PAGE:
But such concerns are rarely articulated by Indian leaders, Kalam being a notable exception. In the south, where India's IT initiatives were pioneered, the chief minister of Andhra Pradesh state – the media-savvy, laptop-toting Chandrababu Naidu -invited Bill Gates to set up his India office in the IT corridor of the capital Hyderabad.

Among many members of India's ruling elite, Gates is seen as the most important international personality after the President of the United States. Gates has returned the complement. He has visited India thrice – in 1997, 2000 and 2002 – each time making significant donations to charities and meeting with high-level authorities. Every visit has received saturation media coverage.

In September 2000, 10 Indian chief ministers fell over themselves to heap praises on Gates after a luncheon meeting with him in New Delhi. During the 2002 visit, at four days the longest so far, Gates donated $100 million to the fight against AIDS, although Gates has said there is no connection between his business and charity work.

Microsoft's India office in New Delhi did not answer queries from Panos Features on whether its business strategy for India complies with the anti-predatory and anti-monopolistic business practices being imposed on it in various states in the United States. But the company did issue this official statement from its headquarters in Redmond, US:

"Microsoft is committed to helping governments develop strong, sustainable IT infrastructures that deliver ease of use, value through innovative technology, a clear roadmap for future development, and access to source-code to improve security and implementation. At the end of the day, we believe Microsoft offers the best overall option of value, integration, interoperability and support, without complexity or added dependency on services."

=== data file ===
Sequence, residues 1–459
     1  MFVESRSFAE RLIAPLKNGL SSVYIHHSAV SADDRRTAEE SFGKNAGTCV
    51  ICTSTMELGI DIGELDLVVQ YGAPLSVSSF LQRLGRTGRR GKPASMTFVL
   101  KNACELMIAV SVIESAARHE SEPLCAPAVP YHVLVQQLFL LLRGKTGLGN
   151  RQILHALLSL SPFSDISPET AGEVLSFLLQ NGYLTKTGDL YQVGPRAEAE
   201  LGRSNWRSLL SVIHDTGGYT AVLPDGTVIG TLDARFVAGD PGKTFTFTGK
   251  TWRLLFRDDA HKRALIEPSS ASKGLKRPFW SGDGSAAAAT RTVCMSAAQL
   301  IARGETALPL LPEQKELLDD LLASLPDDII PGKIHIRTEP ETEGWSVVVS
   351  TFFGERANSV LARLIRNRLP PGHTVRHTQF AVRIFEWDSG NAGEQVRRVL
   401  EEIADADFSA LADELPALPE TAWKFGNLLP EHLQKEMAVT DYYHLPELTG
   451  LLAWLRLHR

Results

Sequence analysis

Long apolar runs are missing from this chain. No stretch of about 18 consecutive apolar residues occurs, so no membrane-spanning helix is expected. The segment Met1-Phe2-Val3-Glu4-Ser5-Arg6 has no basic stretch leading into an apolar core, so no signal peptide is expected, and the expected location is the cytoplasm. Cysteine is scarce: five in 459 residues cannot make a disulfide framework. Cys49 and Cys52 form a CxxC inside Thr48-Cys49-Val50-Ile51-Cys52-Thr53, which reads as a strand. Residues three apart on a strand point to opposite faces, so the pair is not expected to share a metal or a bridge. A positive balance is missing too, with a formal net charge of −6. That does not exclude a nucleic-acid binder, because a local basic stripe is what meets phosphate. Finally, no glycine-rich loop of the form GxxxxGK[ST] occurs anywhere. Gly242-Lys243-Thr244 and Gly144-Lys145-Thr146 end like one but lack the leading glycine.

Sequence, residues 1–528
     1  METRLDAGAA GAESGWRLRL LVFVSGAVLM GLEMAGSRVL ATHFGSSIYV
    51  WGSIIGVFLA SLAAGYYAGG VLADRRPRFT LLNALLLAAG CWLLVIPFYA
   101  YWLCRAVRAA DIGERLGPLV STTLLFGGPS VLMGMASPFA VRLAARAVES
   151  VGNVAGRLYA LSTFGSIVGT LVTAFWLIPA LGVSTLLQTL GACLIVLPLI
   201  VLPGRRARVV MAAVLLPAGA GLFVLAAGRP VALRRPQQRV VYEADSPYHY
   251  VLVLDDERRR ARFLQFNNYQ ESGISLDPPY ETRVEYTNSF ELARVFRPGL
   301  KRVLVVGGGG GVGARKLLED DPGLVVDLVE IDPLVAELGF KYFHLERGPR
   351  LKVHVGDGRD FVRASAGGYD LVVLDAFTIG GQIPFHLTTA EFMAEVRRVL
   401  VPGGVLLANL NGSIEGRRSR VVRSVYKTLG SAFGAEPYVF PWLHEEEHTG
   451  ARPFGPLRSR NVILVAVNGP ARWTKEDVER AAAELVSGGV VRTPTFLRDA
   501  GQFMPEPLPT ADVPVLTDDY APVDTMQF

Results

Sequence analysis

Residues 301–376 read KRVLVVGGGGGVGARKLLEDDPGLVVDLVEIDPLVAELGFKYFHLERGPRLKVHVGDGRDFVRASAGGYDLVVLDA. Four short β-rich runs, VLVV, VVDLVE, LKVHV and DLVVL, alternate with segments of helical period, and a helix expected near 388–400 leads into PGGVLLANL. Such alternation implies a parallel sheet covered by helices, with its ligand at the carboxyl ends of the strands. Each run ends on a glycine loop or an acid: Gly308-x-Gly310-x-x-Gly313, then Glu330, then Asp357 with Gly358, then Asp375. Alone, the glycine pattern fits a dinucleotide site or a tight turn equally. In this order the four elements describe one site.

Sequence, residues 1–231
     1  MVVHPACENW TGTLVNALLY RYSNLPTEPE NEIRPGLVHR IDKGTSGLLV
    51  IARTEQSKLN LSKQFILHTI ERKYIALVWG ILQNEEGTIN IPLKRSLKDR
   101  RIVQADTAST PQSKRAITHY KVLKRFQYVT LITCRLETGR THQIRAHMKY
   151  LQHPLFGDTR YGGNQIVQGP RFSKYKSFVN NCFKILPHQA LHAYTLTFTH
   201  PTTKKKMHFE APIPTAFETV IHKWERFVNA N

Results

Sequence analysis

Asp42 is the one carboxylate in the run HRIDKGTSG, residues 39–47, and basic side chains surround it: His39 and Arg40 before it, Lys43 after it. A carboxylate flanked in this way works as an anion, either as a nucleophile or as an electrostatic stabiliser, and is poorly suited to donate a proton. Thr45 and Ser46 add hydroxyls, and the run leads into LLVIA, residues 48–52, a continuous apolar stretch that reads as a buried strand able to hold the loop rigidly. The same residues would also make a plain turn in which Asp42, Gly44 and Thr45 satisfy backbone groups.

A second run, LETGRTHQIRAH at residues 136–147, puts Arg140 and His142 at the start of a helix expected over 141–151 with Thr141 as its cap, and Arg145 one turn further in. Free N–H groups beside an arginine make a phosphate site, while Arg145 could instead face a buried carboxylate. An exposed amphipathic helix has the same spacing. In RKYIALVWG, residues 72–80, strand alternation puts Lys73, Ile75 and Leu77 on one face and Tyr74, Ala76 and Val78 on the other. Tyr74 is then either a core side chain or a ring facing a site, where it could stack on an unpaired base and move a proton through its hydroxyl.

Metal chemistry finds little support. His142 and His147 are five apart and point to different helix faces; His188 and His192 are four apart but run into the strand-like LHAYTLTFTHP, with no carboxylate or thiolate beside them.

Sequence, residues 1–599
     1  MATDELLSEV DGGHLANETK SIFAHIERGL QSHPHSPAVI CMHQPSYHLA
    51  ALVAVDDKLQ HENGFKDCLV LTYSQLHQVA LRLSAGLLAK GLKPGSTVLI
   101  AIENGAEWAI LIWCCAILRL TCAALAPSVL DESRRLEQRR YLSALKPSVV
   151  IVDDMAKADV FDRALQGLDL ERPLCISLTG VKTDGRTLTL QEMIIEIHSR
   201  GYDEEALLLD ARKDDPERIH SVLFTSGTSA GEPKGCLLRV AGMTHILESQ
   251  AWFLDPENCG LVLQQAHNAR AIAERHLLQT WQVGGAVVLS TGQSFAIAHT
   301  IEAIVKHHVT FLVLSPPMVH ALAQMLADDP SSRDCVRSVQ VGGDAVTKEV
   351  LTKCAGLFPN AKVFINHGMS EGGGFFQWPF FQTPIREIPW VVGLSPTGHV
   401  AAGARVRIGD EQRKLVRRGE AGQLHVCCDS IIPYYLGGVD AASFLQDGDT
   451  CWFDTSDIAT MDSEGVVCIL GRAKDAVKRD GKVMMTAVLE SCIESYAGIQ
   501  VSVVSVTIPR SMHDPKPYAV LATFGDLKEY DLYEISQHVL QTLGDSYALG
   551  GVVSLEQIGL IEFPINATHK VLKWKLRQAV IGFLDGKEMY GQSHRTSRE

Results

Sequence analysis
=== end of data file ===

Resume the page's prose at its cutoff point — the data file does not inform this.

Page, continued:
An overwhelming 91 per cent of government departments in New Delhi use Microsoft's Windows 98 software; nearly 67 per cent use Windows XP; with a mere 16 per cent using GNU/Linux according to a report in the Economic Times newspaper in India in April.

Some thinkers view the issue of 'software localization' in political terms. In many nations, says Prof. Kenneth Keniston of the Massachusetts Institute of Technology in the US, the dominant positions in society are held by cosmopolitan, internationally-oriented business, professional and intellectual elites. "For them, 'localization' to vernacular languages and local cultures may be unnecessary and/or even undesirable, since English (or French, or Spanish, or another European language) may provide the best possible access to the rest of the world."